New technology sees more than the average drone

Blimp patrols US/Mexico border

SAN DIEGO - Spy technology once used in war is now moving into American airspace.

Sometimes called the “Floating Eye,” an unmanned blimp can capture crystal clear images on the ground, day or night, and it can see far more than the average drone.

The technology, developed from war, was used to spot insurgents but these military surveillance blimps made by Logos Technologies of Arlington, could be the newest additions to the US Border Patrol.

“This system is designed to take a movie of a city sized area, so it’s got cameras that are hundreds of megapixels that essentially take a picture once a seconds,” John Marion, executive VP of Logos Technologies, said.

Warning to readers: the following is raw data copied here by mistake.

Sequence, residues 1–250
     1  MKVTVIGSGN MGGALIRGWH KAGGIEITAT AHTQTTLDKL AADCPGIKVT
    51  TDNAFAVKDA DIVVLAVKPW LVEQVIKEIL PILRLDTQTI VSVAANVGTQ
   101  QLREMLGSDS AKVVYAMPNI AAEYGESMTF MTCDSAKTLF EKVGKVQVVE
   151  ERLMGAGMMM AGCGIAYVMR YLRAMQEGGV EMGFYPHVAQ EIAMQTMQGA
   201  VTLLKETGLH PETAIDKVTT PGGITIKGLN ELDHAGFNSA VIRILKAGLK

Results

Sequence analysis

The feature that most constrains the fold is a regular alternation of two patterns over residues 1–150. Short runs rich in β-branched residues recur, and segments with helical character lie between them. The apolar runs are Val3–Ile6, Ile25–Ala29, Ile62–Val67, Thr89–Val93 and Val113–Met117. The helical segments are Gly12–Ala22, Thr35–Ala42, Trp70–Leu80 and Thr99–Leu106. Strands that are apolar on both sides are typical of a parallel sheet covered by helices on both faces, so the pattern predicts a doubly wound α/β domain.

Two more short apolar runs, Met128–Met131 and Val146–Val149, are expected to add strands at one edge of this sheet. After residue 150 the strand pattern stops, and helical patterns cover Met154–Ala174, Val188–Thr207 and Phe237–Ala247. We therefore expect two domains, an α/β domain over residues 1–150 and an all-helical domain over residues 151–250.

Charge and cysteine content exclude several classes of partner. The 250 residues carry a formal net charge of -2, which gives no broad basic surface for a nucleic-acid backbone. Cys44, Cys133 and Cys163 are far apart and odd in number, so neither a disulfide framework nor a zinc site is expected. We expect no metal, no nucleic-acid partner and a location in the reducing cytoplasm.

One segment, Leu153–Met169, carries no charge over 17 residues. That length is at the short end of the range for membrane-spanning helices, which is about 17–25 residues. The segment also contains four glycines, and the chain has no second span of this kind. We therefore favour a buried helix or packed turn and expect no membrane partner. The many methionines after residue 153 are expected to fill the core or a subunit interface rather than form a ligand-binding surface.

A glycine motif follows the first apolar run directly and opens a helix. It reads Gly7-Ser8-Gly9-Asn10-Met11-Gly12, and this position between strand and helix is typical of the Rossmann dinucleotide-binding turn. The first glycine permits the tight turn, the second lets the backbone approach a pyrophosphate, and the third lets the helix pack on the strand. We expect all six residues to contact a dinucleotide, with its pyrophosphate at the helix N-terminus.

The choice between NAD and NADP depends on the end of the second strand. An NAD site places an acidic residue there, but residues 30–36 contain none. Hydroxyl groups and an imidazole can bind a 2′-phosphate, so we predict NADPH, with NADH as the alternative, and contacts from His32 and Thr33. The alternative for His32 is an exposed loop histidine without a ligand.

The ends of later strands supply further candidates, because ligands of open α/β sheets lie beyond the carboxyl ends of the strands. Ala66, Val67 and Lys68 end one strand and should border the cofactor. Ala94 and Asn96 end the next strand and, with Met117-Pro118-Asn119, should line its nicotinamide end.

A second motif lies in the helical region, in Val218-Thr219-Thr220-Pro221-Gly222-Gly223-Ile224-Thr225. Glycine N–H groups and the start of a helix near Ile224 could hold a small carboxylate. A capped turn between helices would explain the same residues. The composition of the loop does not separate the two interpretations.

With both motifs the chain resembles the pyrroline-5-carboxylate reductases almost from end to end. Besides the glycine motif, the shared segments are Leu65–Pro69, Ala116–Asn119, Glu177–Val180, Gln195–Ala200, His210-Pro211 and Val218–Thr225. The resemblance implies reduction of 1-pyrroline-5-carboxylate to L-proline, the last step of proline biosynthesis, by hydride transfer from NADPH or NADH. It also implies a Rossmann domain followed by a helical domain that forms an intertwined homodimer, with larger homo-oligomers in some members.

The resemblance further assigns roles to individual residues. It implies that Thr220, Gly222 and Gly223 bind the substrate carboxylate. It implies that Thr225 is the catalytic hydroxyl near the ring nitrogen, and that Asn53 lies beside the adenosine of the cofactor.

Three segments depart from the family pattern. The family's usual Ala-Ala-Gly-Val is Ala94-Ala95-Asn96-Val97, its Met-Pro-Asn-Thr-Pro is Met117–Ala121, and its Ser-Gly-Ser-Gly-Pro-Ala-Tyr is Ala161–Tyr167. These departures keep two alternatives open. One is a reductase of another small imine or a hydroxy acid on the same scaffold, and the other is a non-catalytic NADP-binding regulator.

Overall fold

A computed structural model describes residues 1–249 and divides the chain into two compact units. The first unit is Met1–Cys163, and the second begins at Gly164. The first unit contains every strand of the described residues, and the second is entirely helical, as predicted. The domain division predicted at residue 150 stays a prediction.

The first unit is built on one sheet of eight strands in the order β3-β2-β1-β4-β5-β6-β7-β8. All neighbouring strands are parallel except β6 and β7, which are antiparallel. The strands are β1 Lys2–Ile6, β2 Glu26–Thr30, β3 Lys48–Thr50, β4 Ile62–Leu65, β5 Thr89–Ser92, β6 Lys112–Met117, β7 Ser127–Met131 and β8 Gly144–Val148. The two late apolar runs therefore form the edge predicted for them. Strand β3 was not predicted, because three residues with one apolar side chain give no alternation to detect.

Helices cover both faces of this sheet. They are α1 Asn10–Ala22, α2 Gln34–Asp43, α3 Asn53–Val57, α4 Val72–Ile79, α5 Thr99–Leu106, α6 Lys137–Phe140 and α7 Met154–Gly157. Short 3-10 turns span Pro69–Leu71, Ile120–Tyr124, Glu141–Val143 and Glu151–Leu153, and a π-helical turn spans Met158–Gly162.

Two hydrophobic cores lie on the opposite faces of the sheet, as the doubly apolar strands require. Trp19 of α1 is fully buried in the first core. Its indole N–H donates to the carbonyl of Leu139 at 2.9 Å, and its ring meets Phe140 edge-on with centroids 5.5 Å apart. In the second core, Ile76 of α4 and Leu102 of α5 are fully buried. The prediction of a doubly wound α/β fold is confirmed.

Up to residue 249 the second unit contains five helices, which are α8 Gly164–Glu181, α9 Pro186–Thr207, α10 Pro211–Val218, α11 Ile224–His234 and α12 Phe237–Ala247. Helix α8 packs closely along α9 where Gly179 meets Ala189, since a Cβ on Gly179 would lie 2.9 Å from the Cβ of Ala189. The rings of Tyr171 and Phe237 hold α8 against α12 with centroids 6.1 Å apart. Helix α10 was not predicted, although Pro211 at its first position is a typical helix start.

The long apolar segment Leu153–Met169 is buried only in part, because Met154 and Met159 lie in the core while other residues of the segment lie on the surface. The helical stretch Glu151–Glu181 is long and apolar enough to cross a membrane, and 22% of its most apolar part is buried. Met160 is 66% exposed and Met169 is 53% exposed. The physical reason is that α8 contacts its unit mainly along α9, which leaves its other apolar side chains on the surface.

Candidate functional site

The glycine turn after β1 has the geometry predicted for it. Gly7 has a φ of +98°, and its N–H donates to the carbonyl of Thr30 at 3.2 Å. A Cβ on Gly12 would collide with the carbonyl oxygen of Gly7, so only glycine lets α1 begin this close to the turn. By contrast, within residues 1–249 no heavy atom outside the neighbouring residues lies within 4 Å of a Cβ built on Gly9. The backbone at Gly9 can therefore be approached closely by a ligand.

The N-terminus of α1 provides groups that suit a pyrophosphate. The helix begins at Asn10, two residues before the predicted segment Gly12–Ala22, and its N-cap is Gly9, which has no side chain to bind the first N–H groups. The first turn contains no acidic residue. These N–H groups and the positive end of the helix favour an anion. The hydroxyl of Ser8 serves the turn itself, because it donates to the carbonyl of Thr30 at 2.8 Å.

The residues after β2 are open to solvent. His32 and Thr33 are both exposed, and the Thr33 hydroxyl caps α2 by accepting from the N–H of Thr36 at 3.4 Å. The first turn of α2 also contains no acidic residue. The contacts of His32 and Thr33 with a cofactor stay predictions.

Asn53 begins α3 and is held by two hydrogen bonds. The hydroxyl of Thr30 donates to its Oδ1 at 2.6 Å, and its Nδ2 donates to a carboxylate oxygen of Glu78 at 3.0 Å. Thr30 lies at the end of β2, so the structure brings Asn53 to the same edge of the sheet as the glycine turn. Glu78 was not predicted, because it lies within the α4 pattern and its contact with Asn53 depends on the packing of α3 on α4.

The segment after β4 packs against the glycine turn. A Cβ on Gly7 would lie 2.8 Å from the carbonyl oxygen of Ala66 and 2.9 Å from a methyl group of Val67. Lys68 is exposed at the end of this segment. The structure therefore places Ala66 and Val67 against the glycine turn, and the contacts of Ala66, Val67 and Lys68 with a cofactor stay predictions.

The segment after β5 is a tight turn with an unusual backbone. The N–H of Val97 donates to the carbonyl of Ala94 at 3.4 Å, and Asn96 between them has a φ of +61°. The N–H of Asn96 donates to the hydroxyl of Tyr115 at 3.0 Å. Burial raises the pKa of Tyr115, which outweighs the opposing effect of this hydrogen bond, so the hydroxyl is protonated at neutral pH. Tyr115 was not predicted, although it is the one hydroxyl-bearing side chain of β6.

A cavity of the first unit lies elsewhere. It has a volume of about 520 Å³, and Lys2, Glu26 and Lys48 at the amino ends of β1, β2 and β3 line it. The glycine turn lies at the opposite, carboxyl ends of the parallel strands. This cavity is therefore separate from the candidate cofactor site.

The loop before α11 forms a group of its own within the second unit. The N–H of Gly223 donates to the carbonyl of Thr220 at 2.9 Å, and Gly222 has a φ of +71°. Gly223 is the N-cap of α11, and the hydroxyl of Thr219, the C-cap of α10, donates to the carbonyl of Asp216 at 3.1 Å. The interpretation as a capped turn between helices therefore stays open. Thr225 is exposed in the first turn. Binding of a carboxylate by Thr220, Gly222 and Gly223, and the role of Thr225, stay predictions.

The US Board Patrol hopes that using technology that was once used in a war desert environment will help catch drug runners and immigrants crossing the US border deserts illegally.

Most recently tested in Nogales, Arizona, the blimp helped stop 122 undocumented immigrants and assisted patrol agents uncover drug trails.

“They wanted to know how they got there, where they crossed the fence, how long they hid in each area, so we can go back and reconstruct that,” Marion said.

Images from the blimps can be stored for 30 days but the company says they are working on compression technology that could expand that time to a year or more making it a powerful tool.

At a time when federal lawmakers are pushing to scale up security by adding more fencing and patrol agents along the border.

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